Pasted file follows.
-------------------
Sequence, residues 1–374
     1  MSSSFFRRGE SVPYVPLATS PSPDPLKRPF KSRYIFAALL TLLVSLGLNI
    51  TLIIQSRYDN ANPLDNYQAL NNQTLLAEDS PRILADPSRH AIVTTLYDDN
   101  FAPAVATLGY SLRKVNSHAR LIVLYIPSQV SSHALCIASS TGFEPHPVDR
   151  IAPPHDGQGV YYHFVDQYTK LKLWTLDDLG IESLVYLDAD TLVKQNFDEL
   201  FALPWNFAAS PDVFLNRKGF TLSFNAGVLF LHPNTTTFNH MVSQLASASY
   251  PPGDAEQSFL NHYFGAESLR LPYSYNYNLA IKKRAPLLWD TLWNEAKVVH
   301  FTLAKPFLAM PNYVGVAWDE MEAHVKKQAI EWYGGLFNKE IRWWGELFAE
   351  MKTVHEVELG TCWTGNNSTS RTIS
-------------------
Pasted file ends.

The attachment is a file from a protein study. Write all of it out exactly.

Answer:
Sequence, residues 1–374
     1  MSSSFFRRGE SVPYVPLATS PSPDPLKRPF KSRYIFAALL TLLVSLGLNI
    51  TLIIQSRYDN ANPLDNYQAL NNQTLLAEDS PRILADPSRH AIVTTLYDDN
   101  FAPAVATLGY SLRKVNSHAR LIVLYIPSQV SSHALCIASS TGFEPHPVDR
   151  IAPPHDGQGV YYHFVDQYTK LKLWTLDDLG IESLVYLDAD TLVKQNFDEL
   201  FALPWNFAAS PDVFLNRKGF TLSFNAGVLF LHPNTTTFNH MVSQLASASY
   251  PPGDAEQSFL NHYFGAESLR LPYSYNYNLA IKKRAPLLWD TLWNEAKVVH
   301  FTLAKPFLAM PNYVGVAWDE MEAHVKKQAI EWYGGLFNKE IRWWGELFAE
   351  MKTVHEVELG TCWTGNNSTS RTIS